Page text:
What is intermittent fasting?

IF is an eating plan that revolves around periods of fasting, or not eating, followed by specific periods of eating. During periods of fasting, you’ll eat nothing or just a very small amount of food. IF is often simple, healthy, and sustainable in the long term—which is why we recommend IF as part of the LOVIDIA Way.

There are many ways to do IF, but the most common method is fasting for 16 hours, followed by eating within a period of eight hours, known as the 16:8 method.

The goal of IF is to force your body to rely on stored energy (like fat) for certain parts of the day. This helps promote weight loss and more.

When you follow an IF plan, your body undergoes a few changes. Your stored body fat becomes more easily accessible, meaning it’s burned off faster. Your cells also begin a cycle of intense repair.

Benefits of intermittent fasting

The biggest benefit of IF is weight loss, for a few reasons. First, IF can help you reduce your caloric intake because you are not eating at all times of the day. When you reduce calories, you naturally reduce the amount of weight you can gain. Second, the changes your body goes through make it easier to burn off stored fat for energy. This means that your fat stores deplete faster, resulting in weight loss.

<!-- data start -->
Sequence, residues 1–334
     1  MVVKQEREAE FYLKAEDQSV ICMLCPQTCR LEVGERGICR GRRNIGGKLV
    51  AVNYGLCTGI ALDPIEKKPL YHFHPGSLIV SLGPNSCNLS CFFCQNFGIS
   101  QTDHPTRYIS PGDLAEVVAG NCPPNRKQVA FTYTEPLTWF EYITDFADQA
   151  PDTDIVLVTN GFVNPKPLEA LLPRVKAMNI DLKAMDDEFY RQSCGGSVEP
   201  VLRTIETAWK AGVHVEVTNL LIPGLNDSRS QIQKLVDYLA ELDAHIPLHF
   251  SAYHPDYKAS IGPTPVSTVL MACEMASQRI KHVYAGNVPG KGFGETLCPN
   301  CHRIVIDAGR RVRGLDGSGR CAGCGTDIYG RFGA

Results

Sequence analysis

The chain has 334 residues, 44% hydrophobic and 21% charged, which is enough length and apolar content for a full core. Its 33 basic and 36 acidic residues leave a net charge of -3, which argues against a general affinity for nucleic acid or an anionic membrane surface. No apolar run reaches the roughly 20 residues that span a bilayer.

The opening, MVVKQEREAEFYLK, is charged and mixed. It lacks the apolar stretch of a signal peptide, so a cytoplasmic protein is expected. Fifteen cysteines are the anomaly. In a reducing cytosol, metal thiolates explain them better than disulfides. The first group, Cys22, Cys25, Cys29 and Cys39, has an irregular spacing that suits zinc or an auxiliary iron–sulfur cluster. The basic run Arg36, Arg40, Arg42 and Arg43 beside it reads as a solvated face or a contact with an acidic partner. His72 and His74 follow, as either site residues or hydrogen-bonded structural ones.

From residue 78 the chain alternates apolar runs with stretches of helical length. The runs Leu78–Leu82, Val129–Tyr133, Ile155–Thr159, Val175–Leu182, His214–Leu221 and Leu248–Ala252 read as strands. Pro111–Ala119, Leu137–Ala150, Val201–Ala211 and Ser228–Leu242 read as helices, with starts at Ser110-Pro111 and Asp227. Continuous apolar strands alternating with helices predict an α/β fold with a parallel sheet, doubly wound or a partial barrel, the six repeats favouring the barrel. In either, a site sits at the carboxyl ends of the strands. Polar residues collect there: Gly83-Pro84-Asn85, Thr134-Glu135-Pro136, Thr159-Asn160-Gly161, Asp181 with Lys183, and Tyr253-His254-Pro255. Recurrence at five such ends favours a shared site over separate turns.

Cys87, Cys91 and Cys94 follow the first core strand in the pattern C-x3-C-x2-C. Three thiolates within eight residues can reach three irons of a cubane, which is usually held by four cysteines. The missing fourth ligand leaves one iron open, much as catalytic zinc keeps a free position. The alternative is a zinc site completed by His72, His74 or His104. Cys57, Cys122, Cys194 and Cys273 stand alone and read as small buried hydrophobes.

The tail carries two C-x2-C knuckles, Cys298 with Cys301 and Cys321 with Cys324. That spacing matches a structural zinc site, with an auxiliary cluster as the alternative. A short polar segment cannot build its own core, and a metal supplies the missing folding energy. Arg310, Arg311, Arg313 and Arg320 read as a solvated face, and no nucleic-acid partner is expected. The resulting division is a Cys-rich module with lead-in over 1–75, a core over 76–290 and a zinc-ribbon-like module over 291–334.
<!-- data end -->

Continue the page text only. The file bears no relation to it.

Beyond weight loss, research shows IF may have many other health benefits that promote life-long health. For example, it may help reduce inflammation and insulin resistance, and improve heart and brain health.

Staying on track with IF

Although IF is relatively simple, sticking to the eating plan can be challenging. Hunger pains and tempting snacks offered outside of your eating period may force you to break your fast. And, once it’s broken, getting back into the routine can be even more difficult. LOVIDIA can help you succeed with IF by taking the edge off hunger during fasting periods.  Here are some other useful tips to help you stick with IF: